Sense and SensibilityBook - 2008
Marianne Dashwood wears her heart on her sleeve, and when she falls in love with the dashing but unsuitable John Willoughby she ignores her sister Elinor's warning that her impulsive behaviour leaves her open to gossip and innuendo. Meanwhile Elinor, always sensitive to social convention, is struggling to conceal her own romantic disappointment, even from those closest to her. Through their parallel experience of love - and its threatened loss - the sisters learn that sense must mix with sensibility if they are to find personal happiness in a society where status and money govern the rules of love.
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"...The more I know of the world, the more I am convinced that I shall never see a man whom I can really love."
--Marianne pg. 18
"Thunderbolts and Daggers! what a reproof would she have given me! her taste, her opinions --- I believe they are better known to me than my own-- and I am sure they are dearer."
--Willoughby pg. 334
"How horrid all this is!" said he. "Such weather makes everything and everybody disgusting. Dullness is a much produced within doors as without, by rain. It makes one detest all one's acquaintance. What the devil does Sir John mean by not having a billiard room in his house? How few people know what comfort is! Sir John is as stupid as the weather."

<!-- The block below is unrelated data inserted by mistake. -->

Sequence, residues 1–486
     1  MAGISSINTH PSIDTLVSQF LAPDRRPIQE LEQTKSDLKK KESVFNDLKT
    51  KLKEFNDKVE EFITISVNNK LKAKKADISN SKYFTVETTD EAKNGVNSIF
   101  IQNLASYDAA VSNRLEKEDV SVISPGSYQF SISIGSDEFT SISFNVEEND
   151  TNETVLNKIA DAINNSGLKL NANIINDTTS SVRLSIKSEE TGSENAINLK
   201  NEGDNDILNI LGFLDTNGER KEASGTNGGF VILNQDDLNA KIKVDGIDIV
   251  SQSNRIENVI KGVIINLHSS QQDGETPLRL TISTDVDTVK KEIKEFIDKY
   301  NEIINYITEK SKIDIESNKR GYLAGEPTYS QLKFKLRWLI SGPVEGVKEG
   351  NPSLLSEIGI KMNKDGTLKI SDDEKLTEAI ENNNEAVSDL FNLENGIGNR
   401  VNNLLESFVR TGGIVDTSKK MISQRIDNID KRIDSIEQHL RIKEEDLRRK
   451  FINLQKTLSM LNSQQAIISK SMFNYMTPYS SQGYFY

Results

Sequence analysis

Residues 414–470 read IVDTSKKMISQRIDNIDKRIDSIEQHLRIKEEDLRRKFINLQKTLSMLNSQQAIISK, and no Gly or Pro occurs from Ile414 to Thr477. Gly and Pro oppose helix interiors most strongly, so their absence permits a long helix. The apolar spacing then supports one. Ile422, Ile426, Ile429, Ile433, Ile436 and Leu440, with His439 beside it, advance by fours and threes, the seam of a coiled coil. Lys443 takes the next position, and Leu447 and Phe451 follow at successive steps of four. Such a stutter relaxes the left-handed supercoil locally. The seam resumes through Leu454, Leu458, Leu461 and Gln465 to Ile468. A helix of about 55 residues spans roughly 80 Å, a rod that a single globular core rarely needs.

-- Mr. Palmer pg. 115
"When he was present, she had no eyes for anyone else. Everything he did was right. Everything he said was clever. If their evenings at the Park were concluded with cards, he cheated himself and all the rest of the party to get her a good hand. If dancing formed the amusement of the night, they were partners for half the time and, when obliged to separate for a couple of dances, were careful to stand together and scarcely spoke a word to anybody else. Such conduct made them of course most exceedingly laughed at; but ridicule could not shame, and seemed hardly to provoke them."
-- pg. 57
"His person and air were equal to what her fancy had ever drawn for the hero of a favorite story..."
-- pg. 46
"At first sight, his address is certainly not striking; and his person can hardly be called handsome, till the expression of his eyes, which are uncommonly good, and the general sweetness of his countenance are perceived. At present, I know him so well that I think him really handsome; or, at least, almost so."
-- Elinor pg. 21
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